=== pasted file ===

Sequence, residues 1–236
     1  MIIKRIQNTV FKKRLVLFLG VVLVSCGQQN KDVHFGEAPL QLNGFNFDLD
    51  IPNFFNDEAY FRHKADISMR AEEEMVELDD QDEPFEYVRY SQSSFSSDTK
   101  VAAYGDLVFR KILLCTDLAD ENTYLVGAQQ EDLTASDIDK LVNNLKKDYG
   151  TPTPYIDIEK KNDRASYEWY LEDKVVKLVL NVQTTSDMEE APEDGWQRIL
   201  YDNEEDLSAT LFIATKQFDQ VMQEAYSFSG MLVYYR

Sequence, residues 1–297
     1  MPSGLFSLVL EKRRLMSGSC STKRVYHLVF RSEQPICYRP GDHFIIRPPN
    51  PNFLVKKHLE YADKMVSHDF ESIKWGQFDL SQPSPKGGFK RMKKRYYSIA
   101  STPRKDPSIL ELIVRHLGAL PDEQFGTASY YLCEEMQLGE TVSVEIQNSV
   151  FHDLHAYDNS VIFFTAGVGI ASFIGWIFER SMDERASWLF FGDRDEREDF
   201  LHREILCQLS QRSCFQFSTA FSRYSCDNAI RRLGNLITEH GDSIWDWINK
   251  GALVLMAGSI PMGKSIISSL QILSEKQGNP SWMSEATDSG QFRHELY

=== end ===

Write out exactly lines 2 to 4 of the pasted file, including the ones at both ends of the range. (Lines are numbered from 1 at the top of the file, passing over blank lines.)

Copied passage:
     1  MIIKRIQNTV FKKRLVLFLG VVLVSCGQQN KDVHFGEAPL QLNGFNFDLD
    51  IPNFFNDEAY FRHKADISMR AEEEMVELDD QDEPFEYVRY SQSSFSSDTK
   101  VAAYGDLVFR KILLCTDLAD ENTYLVGAQQ EDLTASDIDK LVNNLKKDYG